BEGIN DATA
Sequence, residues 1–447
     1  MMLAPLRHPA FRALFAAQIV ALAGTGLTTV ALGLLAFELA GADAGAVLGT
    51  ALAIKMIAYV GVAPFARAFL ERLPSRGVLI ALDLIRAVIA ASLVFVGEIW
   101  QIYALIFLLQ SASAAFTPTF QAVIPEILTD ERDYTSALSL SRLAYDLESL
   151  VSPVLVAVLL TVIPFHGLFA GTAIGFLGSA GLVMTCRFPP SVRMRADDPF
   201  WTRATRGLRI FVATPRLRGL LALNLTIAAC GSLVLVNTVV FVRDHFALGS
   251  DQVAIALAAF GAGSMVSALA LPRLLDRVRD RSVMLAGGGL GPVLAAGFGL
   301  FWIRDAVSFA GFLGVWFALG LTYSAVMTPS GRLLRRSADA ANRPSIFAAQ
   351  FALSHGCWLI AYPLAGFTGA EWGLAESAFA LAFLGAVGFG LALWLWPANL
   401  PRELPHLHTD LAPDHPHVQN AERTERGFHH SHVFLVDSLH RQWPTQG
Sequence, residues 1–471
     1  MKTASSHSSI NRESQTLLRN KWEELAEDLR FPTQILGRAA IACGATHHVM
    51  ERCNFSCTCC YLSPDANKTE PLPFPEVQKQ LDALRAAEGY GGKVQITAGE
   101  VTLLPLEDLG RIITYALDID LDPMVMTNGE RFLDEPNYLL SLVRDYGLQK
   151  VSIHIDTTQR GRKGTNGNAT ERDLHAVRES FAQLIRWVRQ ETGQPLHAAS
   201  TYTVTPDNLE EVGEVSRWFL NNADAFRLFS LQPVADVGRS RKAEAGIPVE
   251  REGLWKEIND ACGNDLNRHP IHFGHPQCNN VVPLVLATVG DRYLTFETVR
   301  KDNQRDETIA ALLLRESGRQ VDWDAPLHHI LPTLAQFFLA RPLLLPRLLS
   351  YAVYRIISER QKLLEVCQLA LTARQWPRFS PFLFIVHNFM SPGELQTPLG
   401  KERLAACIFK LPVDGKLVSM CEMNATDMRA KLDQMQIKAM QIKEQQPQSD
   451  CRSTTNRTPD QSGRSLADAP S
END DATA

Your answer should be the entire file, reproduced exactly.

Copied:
Sequence, residues 1–447
     1  MMLAPLRHPA FRALFAAQIV ALAGTGLTTV ALGLLAFELA GADAGAVLGT
    51  ALAIKMIAYV GVAPFARAFL ERLPSRGVLI ALDLIRAVIA ASLVFVGEIW
   101  QIYALIFLLQ SASAAFTPTF QAVIPEILTD ERDYTSALSL SRLAYDLESL
   151  VSPVLVAVLL TVIPFHGLFA GTAIGFLGSA GLVMTCRFPP SVRMRADDPF
   201  WTRATRGLRI FVATPRLRGL LALNLTIAAC GSLVLVNTVV FVRDHFALGS
   251  DQVAIALAAF GAGSMVSALA LPRLLDRVRD RSVMLAGGGL GPVLAAGFGL
   301  FWIRDAVSFA GFLGVWFALG LTYSAVMTPS GRLLRRSADA ANRPSIFAAQ
   351  FALSHGCWLI AYPLAGFTGA EWGLAESAFA LAFLGAVGFG LALWLWPANL
   401  PRELPHLHTD LAPDHPHVQN AERTERGFHH SHVFLVDSLH RQWPTQG
Sequence, residues 1–471
     1  MKTASSHSSI NRESQTLLRN KWEELAEDLR FPTQILGRAA IACGATHHVM
    51  ERCNFSCTCC YLSPDANKTE PLPFPEVQKQ LDALRAAEGY GGKVQITAGE
   101  VTLLPLEDLG RIITYALDID LDPMVMTNGE RFLDEPNYLL SLVRDYGLQK
   151  VSIHIDTTQR GRKGTNGNAT ERDLHAVRES FAQLIRWVRQ ETGQPLHAAS
   201  TYTVTPDNLE EVGEVSRWFL NNADAFRLFS LQPVADVGRS RKAEAGIPVE
   251  REGLWKEIND ACGNDLNRHP IHFGHPQCNN VVPLVLATVG DRYLTFETVR
   301  KDNQRDETIA ALLLRESGRQ VDWDAPLHHI LPTLAQFFLA RPLLLPRLLS
   351  YAVYRIISER QKLLEVCQLA LTARQWPRFS PFLFIVHNFM SPGELQTPLG
   401  KERLAACIFK LPVDGKLVSM CEMNATDMRA KLDQMQIKAM QIKEQQPQSD
   451  CRSTTNRTPD QSGRSLADAP S